IMF expresses concern over Nigeria’s Debt, says it’s Stifling Development


The International Monetary Fund (IMF) has condemned the 76 percent debt service to revenue ratio of Nigeria as at 2021, expressing concern that it might rise to almost 100 percent by 2026.

The IMF Resident Representative for Nigeria, Ari Aisen, disclosed this on Monday at the public presentation of the Spring 2022 issue of the Regional Economic Outlook (REO) for Sub-Saharan Africa.

Aisen advised the Federal Government to grow its revenue ratio to GDP to at least 15 per cent by 2025 to enable it to embark on more social spending that would better a lot of the vulnerable segments of the populace.

The Fund projected Nigeria’s Gross Domestic Product (GDP) to hit 3.4 percent but added that debt would continue to grow as long as the government can not generate enough revenue to fund its expenditure.

The Director-General, Budget Office of the Federation, Ben Akabueze agreed that the 76 percent debt to revenue recorded in 2021 was high as the government is targeting not more than 30 percent.

In reaction to the situation, Mr Akabueze said, “we are already in deficit territory. That is why the thrust of gov4is to grow revenue. The total public expenditure to GDP ratio is among the lowest in the world. It is an existential issue for Nigeria. We are not in a position where the government is spending too much, although experiencing a major shortfall in delivering infrastructure”.

He stated that the Federal Government is doing everything possible to generate more revenue through the strategic revenue mobilisation scheme.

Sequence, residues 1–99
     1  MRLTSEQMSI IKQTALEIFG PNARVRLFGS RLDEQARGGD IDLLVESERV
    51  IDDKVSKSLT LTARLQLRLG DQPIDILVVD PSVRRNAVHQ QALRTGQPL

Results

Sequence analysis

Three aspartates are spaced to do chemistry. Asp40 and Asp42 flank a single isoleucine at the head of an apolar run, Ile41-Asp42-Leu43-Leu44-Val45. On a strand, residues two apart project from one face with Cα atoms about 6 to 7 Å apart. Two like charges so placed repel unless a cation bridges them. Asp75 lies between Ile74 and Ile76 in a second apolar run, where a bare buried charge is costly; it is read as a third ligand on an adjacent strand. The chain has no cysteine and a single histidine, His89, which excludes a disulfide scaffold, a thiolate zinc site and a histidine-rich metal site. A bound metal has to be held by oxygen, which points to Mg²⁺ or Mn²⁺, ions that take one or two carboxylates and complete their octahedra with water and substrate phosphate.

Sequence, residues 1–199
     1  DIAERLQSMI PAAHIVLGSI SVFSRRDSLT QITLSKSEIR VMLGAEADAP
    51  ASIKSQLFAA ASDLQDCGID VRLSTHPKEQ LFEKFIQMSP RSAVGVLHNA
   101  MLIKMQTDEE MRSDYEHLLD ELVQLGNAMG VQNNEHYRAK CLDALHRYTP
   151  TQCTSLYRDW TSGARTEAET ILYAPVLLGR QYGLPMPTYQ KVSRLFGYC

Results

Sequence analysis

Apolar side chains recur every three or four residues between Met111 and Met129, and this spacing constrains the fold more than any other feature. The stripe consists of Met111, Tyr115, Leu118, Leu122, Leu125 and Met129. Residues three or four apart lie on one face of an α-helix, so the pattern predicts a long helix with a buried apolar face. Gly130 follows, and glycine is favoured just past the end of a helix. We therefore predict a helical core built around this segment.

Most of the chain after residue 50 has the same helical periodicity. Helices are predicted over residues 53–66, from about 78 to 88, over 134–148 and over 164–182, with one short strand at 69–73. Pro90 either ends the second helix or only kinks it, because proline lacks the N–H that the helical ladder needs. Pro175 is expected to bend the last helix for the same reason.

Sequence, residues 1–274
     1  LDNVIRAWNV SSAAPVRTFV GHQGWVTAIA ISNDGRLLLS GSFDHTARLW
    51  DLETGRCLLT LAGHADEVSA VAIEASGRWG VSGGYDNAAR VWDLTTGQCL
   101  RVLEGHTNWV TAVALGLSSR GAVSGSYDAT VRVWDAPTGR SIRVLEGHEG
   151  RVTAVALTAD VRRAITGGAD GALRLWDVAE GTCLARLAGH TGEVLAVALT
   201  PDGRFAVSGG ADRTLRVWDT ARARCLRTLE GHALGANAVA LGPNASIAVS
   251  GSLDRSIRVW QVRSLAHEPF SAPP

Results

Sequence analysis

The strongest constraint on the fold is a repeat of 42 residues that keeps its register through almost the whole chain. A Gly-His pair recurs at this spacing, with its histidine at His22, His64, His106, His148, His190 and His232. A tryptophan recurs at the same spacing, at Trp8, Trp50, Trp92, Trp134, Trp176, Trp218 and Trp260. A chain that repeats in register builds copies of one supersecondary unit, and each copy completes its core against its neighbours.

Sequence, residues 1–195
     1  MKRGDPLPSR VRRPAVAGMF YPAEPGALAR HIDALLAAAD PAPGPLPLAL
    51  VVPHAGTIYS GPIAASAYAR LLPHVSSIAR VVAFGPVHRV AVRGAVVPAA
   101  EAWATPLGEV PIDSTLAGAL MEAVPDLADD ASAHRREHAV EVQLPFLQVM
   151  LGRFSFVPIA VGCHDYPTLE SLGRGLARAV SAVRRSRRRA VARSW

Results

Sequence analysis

While presenting the Regional Economic Outlook for April, Sub-Saharan Africa, Aisen said, “The economic recovery in sub-Saharan Africa surprised on the upside in the second half of 2021, prompting a significant upward revision in last year’s estimated growth, from 3.7 to 4.5 per cent.

“This year, however, that progress has been jeopardized by the Russian invasion of Ukraine which has triggered a global economic shock that is hitting the region at a time when countries’ policy space to respond to it is minimal to nonexistent.

“Most notably, surging oil and food prices are straining the external and fiscal balances of commodity-importing countries and have increased food security concerns in the region”.

Besides accelerating the COVID-19 vaccination campaign, Aisen averred that immediate policy priorities include helping the most vulnerable households cope with high food and energy costs without adding to existing debt vulnerabilities, containing inflation pressures, and managing exchange rate adjustments.